Kent State Pan-African Studies Department Presents "The Mountaintop"
Since its inception, American theater has always been a space where artists felt empowered to explore the volatile issue of race. On Friday, September 25, the African Community Theatre at Kent State University continues this tradition by presenting the regional premier of The Mountaintop, playwright Katori Hall’s stirring piece about the last night of Martin Luther King Jr.’s life. Director Michael Oatman re-imagines the hit Broadway play by double-casting the role with both a white and black Martin Luther King Jr. (Three of the shows will feature Robert Branch, a white actor portraying King.) “When I first got offered the role, I literally kissed the feet of the director. It was a dream. Martin Luther King Jr. was a hero of mine before I even knew what heroes were. I was humbled. I wanted to honor this man and honor this text,” said Branch.
While Oatman understands that the piece may stir some controversy he also hopes that it stirs discussion about America’s original sin: race. “I truly wanted to explore the issue of racial ownership and authenticity. I didn’t want this to be a stunt, but a true exploration of King’s wish that we all be judged by the content of our character and not the color of our skin,” said Oatman about his non-traditional cast. “I wanted the contrast . . . I wanted to see how the words rang differently or indeed the same, coming from two different actors, with two different racial backgrounds.”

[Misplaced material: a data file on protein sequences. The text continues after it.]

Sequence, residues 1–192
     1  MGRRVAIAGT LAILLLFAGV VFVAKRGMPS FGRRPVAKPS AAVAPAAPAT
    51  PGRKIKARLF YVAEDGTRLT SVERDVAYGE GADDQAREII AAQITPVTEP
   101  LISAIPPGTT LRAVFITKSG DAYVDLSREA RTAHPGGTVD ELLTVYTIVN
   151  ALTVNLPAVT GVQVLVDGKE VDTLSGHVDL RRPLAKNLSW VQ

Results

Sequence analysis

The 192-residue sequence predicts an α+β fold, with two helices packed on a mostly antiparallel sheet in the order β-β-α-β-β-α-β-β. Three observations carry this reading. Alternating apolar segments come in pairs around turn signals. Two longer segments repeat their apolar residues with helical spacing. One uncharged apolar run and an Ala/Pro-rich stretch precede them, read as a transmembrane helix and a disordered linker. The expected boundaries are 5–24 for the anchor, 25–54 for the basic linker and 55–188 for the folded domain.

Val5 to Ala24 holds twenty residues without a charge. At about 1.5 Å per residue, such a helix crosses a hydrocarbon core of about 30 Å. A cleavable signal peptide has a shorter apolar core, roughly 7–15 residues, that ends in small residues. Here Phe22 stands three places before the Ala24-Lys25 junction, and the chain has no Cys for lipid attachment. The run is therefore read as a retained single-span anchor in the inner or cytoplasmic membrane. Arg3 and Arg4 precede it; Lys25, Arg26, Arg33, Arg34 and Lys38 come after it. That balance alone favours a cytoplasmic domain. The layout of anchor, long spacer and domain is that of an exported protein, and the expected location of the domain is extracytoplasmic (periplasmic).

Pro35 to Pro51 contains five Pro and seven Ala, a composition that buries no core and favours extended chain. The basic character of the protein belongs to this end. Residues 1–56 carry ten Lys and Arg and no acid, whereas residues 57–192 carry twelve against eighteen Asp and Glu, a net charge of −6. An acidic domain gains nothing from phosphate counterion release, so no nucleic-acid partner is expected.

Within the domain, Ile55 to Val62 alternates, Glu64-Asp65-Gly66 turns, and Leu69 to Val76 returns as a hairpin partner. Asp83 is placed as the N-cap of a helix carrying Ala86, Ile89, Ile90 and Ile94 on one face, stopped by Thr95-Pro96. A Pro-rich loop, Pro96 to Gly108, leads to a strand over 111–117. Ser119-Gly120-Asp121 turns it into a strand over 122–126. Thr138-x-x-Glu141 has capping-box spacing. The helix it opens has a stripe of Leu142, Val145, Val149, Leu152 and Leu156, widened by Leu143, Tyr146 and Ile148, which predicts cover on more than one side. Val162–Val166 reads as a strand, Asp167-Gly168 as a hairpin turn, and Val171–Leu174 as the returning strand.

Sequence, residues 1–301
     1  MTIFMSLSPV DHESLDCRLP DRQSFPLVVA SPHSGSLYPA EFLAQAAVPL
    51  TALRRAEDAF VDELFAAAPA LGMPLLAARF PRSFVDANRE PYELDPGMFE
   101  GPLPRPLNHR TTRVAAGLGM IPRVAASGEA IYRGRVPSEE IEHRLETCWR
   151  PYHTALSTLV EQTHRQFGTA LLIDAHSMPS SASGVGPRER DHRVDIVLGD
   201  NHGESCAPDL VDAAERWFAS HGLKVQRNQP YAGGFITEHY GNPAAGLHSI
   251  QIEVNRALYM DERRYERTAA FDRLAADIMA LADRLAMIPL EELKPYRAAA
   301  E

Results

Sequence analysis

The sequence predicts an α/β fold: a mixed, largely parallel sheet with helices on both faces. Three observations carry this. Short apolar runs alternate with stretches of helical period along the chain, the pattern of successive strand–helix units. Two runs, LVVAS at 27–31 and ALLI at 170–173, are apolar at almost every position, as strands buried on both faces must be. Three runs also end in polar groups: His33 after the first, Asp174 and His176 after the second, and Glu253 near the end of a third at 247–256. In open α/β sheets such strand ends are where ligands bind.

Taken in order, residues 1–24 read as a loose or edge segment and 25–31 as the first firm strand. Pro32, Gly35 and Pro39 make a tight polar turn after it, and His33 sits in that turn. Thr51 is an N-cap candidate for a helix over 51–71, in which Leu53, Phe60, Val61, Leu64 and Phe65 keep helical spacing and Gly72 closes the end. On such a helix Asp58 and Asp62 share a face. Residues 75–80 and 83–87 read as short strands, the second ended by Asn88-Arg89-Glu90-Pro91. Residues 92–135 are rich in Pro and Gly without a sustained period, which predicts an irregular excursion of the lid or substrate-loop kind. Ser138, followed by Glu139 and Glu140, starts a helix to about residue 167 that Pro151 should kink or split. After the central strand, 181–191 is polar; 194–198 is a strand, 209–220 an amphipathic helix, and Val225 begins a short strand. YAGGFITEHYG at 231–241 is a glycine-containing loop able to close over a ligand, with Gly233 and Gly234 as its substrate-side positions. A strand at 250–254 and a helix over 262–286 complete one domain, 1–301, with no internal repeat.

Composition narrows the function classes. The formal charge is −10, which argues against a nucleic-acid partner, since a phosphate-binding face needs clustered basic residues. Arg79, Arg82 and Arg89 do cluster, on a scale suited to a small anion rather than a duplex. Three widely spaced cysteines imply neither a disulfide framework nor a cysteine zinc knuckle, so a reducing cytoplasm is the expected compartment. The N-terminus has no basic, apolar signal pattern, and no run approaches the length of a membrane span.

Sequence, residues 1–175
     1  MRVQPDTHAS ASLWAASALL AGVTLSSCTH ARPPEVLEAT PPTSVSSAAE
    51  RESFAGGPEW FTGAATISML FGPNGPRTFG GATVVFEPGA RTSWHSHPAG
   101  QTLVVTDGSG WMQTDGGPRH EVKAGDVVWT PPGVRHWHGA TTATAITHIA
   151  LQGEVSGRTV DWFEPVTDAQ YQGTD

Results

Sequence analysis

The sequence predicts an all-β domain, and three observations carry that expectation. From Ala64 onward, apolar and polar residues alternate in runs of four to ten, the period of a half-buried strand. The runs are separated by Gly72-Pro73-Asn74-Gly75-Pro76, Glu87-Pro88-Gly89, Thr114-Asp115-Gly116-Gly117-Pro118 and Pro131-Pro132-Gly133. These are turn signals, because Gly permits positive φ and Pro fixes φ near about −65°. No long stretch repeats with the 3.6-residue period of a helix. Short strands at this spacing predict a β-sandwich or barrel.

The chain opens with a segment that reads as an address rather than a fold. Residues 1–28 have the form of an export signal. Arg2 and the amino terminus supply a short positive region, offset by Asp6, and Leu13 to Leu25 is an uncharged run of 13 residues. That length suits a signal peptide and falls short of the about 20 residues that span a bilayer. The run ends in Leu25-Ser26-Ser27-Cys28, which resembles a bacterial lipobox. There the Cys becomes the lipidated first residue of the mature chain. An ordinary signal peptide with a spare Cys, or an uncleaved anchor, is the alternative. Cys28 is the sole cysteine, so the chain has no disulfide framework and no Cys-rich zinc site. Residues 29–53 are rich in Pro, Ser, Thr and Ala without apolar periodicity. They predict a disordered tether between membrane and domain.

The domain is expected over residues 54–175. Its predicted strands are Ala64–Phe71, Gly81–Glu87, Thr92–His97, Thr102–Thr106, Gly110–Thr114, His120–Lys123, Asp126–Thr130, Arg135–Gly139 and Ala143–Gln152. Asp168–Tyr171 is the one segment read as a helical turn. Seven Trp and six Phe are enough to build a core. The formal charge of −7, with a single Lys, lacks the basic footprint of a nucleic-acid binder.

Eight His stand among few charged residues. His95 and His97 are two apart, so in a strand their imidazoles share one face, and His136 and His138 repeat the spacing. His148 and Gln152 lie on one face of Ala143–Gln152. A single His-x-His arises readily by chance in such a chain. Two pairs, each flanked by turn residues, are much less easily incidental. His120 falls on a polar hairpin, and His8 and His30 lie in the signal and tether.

Set entirely in room 306 of the Lorraine Motel on the eve of his assassination on April 4, 1968, this intensely inspiring play bravely seeks to illuminate the man and not the monument. Frank, raw and at times uncompromising, Katori Hall’s play is a new classic that must be counted as a landmark which attempts to examine King’s complicated legacy. With a fearless spirit the playwright boldly asks the question, “What if walls could talk,” by exploring King’s humor, achievements, and fears while bringing out the man behind one of America’s most significant icons—a true feat.
Local actor and director Cristal Christian, who will be portraying the role of Camae, a mysterious young woman who appears at Martin Luther King Jr.’s door, was stunned when she initially read the play. “To be honest, it was shocking . . . the playwright presents a vision of Martin Luther King Jr. that was so human and emotional, I was truly blown away,” said Christian, who admits she was nervous when she heard about the casting of the play. “My first response was, what do you mean Martin Luther King is going to be white?” While Oatman knows that the casting will at first be shocking, he is hoping that the shock wears off and some deeper questions can be explored in this piece. “Had I not found the right actors for this piece, I do not think that I would have even attempted it,” said Oatman, who is also an adjunct playwriting professor in the Department of Theater, Music and Dance.
The Mountaintop runs in the Department of Pan-African Studies’ African Community Theatre from September 25, 2015 to October 4, 2015. The Mountaintop is presented by special arrangement with Dramatists Play Service, Inc., New York. For show times and a complete schedule of the African Community Theatre, please visit www.kent.edu/pas/african-community-theater. Media contacts: Michael Oatman 216-253-1656 or email: email@example.com